Order. Lyn Brown is going to have to get used to her popularity. She should wear it lightly upon her shoulders.
That is so true, Mr Speaker. Thank you.
Cyber-security is more important than ever and should be paramount for those who are in charge of our armed forces. Will the Secretary of State tell me whether it is true that when he threatened to bring down the Prime Minister, Siri replied: “I’m sorry. I don’t understand.”?
I am sorry that the hon. Lady belittles cyber with such a cheap remark. If she were serious about the security of this country, she would recognise that the Government have invested more than £1.9 billion in cyber in recent years. We recently opened the Defence Cyber School to ensure that it is ingrained in the training of our armed forces.
Members of the all-party parliamentary group on Poland, including me, last week met British soldiers serving in the Suwalki gap, helping to defend Poland. What are the key aspects of our bilateral treaty agreement with Poland going forward?
We will show the whole House the full treaty we concluded with Poland. One key element was not just military co-operation but how we can work closer together on an industrial basis. Recently, I was in Poland meeting my opposite number to discuss how we can develop new technologies together for the defence not just of Poland but all our NATO allies.
I recently recorded a welcome home message for members of the Royal Welsh battlegroup, who have been serving bravely on the frontline in Estonia, supporting the NATO alliance. This morning, President Trump yet again criticised our European NATO allies, saying that NATO does not do enough for America. When will the Defence Secretary and the Prime Minister explain to the President that security and co-operation across Europe are in America’s interests as well as Europe’s?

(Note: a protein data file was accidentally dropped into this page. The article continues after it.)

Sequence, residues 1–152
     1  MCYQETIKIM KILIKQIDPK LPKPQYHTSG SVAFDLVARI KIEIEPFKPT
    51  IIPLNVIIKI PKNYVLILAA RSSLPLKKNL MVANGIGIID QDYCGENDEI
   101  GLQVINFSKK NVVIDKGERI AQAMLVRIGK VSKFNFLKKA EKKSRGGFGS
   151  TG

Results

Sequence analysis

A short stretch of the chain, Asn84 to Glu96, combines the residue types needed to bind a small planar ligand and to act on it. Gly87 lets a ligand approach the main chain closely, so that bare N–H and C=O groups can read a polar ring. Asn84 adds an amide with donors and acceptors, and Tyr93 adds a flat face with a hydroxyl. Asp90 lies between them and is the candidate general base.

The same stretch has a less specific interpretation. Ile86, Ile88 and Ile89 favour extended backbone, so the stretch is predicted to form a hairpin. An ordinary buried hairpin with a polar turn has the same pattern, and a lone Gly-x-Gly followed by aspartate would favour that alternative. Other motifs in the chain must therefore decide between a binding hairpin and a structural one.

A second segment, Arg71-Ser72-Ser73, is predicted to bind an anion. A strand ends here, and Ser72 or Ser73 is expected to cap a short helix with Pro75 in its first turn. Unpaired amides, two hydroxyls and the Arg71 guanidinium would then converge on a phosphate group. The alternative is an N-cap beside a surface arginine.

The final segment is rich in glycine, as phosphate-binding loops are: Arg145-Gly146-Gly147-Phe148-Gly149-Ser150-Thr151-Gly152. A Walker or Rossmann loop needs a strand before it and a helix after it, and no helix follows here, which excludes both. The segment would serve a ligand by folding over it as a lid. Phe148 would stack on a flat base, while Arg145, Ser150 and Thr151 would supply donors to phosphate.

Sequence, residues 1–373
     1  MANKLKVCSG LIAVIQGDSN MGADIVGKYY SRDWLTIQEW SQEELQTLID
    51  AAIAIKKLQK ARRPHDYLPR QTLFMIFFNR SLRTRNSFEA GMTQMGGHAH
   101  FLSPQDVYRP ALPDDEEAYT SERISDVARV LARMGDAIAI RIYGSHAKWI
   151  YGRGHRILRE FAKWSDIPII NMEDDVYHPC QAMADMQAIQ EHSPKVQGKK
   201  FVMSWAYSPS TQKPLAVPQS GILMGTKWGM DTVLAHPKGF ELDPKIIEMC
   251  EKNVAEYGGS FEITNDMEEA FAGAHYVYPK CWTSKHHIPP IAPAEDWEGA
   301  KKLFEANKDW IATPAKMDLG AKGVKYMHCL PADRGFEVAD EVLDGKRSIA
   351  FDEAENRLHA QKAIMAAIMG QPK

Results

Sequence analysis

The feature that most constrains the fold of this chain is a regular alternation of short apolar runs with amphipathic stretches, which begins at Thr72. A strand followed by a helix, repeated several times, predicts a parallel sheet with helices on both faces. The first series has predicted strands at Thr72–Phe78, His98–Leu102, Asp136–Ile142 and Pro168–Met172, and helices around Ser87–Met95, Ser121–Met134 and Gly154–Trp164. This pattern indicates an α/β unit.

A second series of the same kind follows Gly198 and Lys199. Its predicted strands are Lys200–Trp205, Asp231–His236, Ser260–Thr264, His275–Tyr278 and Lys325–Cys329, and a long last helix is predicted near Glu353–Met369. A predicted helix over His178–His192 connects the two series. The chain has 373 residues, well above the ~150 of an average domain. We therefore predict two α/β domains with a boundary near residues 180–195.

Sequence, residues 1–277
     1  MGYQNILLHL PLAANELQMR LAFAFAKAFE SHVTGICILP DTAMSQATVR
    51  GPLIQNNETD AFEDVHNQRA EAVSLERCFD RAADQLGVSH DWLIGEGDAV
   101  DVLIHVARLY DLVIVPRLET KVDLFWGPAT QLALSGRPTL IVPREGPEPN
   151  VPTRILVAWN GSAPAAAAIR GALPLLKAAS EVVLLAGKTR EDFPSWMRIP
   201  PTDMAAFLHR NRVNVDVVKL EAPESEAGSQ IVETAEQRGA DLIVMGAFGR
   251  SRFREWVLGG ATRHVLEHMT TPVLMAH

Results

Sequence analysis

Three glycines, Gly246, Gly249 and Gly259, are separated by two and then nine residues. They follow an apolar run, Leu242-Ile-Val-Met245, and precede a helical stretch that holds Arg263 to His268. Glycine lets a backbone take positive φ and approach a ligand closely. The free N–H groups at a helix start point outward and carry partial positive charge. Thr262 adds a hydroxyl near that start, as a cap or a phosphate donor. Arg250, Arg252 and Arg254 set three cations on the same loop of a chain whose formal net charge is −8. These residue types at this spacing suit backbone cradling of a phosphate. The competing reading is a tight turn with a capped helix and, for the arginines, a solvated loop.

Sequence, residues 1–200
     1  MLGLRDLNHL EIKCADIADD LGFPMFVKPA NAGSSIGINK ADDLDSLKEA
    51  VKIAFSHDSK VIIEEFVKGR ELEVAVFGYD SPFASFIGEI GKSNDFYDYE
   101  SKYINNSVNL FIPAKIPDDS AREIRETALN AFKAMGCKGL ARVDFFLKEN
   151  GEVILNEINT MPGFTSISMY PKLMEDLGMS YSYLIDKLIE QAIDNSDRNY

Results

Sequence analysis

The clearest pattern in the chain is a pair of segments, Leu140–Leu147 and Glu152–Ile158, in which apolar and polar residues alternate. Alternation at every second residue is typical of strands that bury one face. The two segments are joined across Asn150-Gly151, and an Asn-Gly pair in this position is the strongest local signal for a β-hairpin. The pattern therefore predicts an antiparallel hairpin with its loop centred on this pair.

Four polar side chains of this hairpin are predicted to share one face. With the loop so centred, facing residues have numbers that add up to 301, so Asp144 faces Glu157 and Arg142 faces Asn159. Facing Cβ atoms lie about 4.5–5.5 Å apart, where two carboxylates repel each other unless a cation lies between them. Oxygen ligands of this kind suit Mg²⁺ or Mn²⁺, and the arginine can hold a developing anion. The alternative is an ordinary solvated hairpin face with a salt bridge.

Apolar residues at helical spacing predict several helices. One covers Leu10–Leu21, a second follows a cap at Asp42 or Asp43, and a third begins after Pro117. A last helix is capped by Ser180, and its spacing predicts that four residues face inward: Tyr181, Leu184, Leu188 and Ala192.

Unity and the strong alliance between all NATO allies is absolutely critical. I join the hon. Member in paying tribute to the Royal Welsh, who have done such an amazing job in Estonia. We will continue to show that unity with our allies—the United States, Estonia and all NATO allies—not just this year but over the next 70 years.
It was my honour to visit the Veterans’ Gateway last week. This is an incredible portal that allows the 400 or so service-facing charities to provide access for those who need help. I very much hope that this will advance and that more charities will join in and support it.
This is why we are undertaking the modernising defence programme: to see how best we can change and respond to meet all the commitments this country has always met to keep Britain and our allies safe. That is what we will be doing to assess the threats Britain faces.
The Reserve Forces and Cadets Associations want to dispose of Duncombe barracks in York. Will the Ministry of Defence ensure that they work with City of York Council and use the principles of One Public Estate, so that the land is developed in the housing interests of the city, rather than that of developers?
The cadet programme is one of the huge success stories in Britain, with over 400 cadet units operating throughout the country. I join with the hon. Lady in paying tribute to what they do to advance an interest in the armed forces and the education of our young.
I thank my right hon. Friend the Secretary of State for his personal support for the Year of Engineering and for all his Department is doing to create inspirational and exciting experiences that demonstrate what it is to be an engineer in the military. Will he pass on my thanks to all those involved in making that happen?
I most certainly will. We celebrate 100 years of the Royal Air Force, which plays a key part in driving technological development and inspiring so many young people to enter a career in engineering. Seeing amazing aeroplanes designed and flown is an inspiration for many future generations.